We previously reported that in AstraZeneca Canada Inc v Apotex Inc (AstraZeneca, 2017 SCC 36), the Supreme Court of Canada (SCC) rejected the “Promise Doctrine” as the correct approach to determine patent utility. Nevertheless, utility must be either demonstrated or soundly predicted by the filing date.

In Commissioner’s Decision No. 1437, Bioheap Limited’s Canadian Application Number 2,454,678, entitled “Adaptation of Bacteria for Use in Leaching”, was refused because the utility of the claimed subject matter was not established by demonstration or sound prediction as of the filing date. Claim 1 recites:

A method for the adaptation of bacteria for use in the leaching of ores and concentrates, the method characterised by the steps of:

a) Obtaining samples of bacteria exhibiting salt tolerance;

b) Combining the bacterial samples from step a) with a stock bacterial culture known to have the ability to oxidise sulphide minerals; and

c) Growing the combined culture of step b) over time in saline conditions to produce an adapted stock bacterial culture that expresses salt tolerance in addition to its ability to oxidise sulphide minerals.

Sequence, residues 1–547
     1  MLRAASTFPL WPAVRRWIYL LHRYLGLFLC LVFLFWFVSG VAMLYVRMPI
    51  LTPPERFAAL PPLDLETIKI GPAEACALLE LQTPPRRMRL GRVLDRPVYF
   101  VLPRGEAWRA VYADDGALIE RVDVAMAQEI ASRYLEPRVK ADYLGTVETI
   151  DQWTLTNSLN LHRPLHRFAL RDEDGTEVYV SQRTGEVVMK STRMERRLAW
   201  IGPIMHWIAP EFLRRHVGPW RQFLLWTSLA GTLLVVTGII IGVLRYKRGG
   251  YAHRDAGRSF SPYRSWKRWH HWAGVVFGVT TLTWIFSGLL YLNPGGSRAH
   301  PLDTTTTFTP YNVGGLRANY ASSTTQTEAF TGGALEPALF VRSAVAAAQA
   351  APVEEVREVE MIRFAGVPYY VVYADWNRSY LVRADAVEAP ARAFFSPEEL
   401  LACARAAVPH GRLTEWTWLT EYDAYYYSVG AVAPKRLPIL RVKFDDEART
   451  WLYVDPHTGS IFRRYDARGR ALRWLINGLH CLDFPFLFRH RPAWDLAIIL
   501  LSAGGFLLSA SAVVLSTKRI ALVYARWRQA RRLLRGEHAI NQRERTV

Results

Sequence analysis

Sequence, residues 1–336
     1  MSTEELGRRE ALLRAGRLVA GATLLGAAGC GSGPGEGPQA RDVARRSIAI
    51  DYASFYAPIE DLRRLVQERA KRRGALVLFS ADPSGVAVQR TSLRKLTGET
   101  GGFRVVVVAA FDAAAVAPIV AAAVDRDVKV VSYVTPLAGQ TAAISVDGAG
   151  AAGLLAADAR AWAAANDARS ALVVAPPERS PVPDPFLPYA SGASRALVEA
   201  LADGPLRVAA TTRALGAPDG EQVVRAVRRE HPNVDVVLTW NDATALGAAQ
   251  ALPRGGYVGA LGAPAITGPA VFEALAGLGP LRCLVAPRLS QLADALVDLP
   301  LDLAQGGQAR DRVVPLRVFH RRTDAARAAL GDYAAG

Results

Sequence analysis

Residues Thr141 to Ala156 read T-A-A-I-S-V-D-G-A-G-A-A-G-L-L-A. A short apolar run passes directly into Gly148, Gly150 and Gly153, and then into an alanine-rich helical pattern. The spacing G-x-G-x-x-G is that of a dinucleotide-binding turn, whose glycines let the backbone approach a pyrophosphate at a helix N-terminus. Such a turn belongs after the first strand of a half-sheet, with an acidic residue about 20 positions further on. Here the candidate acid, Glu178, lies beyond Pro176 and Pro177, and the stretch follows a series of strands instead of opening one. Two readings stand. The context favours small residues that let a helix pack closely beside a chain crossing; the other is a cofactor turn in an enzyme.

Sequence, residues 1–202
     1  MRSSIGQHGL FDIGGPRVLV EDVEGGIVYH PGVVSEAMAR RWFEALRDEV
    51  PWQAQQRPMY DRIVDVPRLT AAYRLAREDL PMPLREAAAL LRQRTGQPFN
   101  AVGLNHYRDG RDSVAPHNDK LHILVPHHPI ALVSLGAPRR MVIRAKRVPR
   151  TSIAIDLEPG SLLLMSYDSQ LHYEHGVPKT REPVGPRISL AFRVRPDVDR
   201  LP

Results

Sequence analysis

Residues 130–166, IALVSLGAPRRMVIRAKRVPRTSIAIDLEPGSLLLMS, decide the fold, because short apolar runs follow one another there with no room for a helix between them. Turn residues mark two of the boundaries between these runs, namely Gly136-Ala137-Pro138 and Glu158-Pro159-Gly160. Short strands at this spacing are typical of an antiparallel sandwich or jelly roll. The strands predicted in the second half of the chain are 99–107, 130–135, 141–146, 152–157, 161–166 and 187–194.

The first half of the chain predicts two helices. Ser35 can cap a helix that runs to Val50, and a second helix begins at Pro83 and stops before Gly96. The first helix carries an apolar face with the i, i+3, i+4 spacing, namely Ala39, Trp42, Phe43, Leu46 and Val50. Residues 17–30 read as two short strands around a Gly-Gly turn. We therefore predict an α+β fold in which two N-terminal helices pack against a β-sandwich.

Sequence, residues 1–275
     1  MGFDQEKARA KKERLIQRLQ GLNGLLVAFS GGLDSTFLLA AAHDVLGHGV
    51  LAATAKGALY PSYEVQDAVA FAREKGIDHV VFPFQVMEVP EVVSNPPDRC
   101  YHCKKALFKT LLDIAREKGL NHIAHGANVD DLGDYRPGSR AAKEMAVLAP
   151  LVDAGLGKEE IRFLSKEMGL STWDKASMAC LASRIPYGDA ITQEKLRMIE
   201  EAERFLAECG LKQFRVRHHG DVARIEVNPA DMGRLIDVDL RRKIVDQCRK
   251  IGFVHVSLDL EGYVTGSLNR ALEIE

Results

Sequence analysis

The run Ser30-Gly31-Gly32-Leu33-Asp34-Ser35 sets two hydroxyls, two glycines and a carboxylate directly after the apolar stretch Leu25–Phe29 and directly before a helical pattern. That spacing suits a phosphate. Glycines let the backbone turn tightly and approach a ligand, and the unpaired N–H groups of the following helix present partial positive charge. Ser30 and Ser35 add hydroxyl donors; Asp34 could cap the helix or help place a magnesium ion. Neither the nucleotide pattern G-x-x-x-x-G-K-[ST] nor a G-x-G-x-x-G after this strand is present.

The Patent Appeal Board (Board) construed the utility of the claims to be the production of "an adapted stock bacterial culture that expresses salt tolerance in addition to its ability to oxidise sulphide minerals." The Board focused its analysis on whether there was a sound prediction of the construed utility as of the filing date. With respect to the proper disclosure element of the test, the Board noted that aside from the common general knowledge, the factual basis and sound line of reasoning relied upon for sound production must be found in the application. The Board also noted that “a piece of knowledge only becomes general knowledge when it is generally known and accepted without question by the bulk of those who are engaged in the particular art; in other words, when it becomes part of their common stock of knowledge relating to the art”.

In the present case, in light of the general uncertainty regarding the mechanism(s) regarding the mechanism(s) of salt-tolerance, the Board found that a skilled person would not have been able to soundly predict the construed utility.

Summary By: Junyi Chen

E-TIPS® ISSUE

18 02 07